Aug 16, 2022
Sweden Turns to Burning Oil as Power Prices Soar to Record
(Bloomberg) -- Sweden is relying on an old oil-fired power plant to keep the lights on in the south as a dearth of wind generation and nuclear outages sends prices to a record.
The Karlshamn station, which burns heavy fuel oil and dates back to the early 1970s, has been running fairly regularly for about a week, according to operator Uniper SE. Power prices in the southern part of a country are at an all-time high for Wednesday, soaring as much as 51% in an auction on Nord Pool ASA.
It’s the latest evidence of how combating global warming has taken a backseat as Europe faces a historic energy crisis. Burning oil is a reliable source of generating power -- but among the most polluting methods -- and adds to the rising use of coal needed to meet demand in the region.
The plant, which has a capacity of 662 megawatts, has been operating at about 200 to 300 megawatts and has been called upon “frequently over the past week from morning to night,” spokesman Torbjorn Larsson said by email.
The plant has been using between 50 and 70 tons of fuel per hour, he said. That would equate to about 9,000 barrels a day over a full 24-hour period, according to Bloomberg calculations. While the volume is small in the context of the global oil market, it underscores a continued trend of consumers burning more oil to generate electricity as natural gas prices soar to records.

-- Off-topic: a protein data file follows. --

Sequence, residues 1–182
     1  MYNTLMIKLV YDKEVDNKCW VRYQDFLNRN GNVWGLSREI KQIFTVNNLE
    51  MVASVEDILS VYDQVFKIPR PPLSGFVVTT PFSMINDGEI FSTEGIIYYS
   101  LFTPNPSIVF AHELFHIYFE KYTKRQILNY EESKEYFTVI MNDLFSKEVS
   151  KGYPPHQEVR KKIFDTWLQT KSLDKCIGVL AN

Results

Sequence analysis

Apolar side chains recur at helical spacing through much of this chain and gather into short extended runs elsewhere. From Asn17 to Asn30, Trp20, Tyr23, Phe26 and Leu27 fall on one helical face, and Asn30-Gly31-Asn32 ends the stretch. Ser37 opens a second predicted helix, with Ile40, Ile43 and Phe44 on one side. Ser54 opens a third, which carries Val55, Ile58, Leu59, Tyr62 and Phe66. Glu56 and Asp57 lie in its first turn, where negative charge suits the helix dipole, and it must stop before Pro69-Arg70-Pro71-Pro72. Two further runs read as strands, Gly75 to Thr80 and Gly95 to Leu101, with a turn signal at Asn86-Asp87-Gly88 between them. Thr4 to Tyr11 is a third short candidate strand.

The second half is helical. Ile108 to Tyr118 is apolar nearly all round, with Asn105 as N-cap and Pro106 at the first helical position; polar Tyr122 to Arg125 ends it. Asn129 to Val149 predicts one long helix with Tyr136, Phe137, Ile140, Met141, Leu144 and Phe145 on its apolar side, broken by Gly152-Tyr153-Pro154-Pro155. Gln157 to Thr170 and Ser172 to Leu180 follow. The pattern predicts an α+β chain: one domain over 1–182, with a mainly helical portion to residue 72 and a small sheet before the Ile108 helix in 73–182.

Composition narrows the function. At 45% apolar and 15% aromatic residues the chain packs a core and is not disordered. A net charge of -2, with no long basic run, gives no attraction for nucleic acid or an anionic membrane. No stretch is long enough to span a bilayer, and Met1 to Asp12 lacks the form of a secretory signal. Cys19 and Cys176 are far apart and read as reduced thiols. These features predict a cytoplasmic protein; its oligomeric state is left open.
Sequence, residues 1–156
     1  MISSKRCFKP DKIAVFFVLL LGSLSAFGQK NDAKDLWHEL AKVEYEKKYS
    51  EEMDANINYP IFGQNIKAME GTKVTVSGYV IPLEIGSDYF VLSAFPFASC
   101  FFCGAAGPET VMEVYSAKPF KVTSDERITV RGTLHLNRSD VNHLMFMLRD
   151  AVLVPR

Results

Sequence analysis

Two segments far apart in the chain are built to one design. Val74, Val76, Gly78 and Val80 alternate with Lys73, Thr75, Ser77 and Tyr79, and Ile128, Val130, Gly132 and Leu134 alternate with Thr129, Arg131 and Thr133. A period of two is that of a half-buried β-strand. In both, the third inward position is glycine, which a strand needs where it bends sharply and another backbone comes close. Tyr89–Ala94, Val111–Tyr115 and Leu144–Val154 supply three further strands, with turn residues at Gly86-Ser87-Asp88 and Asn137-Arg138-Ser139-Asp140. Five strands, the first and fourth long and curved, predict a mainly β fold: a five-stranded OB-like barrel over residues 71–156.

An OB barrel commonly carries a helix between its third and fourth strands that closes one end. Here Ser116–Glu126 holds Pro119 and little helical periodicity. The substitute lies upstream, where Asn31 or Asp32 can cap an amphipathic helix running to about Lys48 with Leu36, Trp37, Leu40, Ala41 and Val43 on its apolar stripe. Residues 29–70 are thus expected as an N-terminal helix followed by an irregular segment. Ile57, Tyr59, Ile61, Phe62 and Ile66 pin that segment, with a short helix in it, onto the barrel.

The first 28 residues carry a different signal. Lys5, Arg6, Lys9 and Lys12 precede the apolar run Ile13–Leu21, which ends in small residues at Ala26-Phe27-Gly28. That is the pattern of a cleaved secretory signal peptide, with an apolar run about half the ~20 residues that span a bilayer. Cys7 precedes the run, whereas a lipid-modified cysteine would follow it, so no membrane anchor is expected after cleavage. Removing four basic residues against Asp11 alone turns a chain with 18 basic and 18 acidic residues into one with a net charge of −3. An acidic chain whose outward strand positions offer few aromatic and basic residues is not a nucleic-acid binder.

Swedish Power Plant Burns Lots More Dirty Fuel to Keep Lights On
Last week the International Energy Agency lifted its forecast for global oil demand by 380,000 barrels a day for the rest of this year, citing switching as one of the reasons behind the increase. The agency said the majority of the fuel consumed would be non-road gasoil and fuel oil.
Southern Sweden is particularly vulnerable to low wind levels after several nuclear reactors were shut over the past few years. Summer maintenance at some of the existing units means that the Karlshamn station is vital to help meet demand.
- Swedish wind power forecast, according to a Bloomberg model:
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